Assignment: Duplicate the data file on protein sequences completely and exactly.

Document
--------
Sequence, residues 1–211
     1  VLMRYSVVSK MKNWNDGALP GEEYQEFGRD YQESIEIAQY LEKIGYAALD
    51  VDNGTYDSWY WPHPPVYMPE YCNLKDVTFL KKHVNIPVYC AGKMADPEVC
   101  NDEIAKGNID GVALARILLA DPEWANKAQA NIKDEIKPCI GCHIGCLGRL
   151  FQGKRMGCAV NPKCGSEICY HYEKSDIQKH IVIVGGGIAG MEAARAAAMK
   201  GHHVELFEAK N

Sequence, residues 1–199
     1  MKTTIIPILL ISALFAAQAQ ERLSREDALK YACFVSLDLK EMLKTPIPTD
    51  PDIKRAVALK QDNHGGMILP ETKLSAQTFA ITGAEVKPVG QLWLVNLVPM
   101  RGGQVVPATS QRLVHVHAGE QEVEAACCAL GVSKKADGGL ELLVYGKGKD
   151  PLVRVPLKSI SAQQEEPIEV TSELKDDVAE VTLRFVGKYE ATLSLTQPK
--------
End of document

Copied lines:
Sequence, residues 1–211
     1  VLMRYSVVSK MKNWNDGALP GEEYQEFGRD YQESIEIAQY LEKIGYAALD
    51  VDNGTYDSWY WPHPPVYMPE YCNLKDVTFL KKHVNIPVYC AGKMADPEVC
   101  NDEIAKGNID GVALARILLA DPEWANKAQA NIKDEIKPCI GCHIGCLGRL
   151  FQGKRMGCAV NPKCGSEICY HYEKSDIQKH IVIVGGGIAG MEAARAAAMK
   201  GHHVELFEAK N

Sequence, residues 1–199
     1  MKTTIIPILL ISALFAAQAQ ERLSREDALK YACFVSLDLK EMLKTPIPTD
    51  PDIKRAVALK QDNHGGMILP ETKLSAQTFA ITGAEVKPVG QLWLVNLVPM
   101  RGGQVVPATS QRLVHVHAGE QEVEAACCAL GVSKKADGGL ELLVYGKGKD
   151  PLVRVPLKSI SAQQEEPIEV TSELKDDVAE VTLRFVGKYE ATLSLTQPK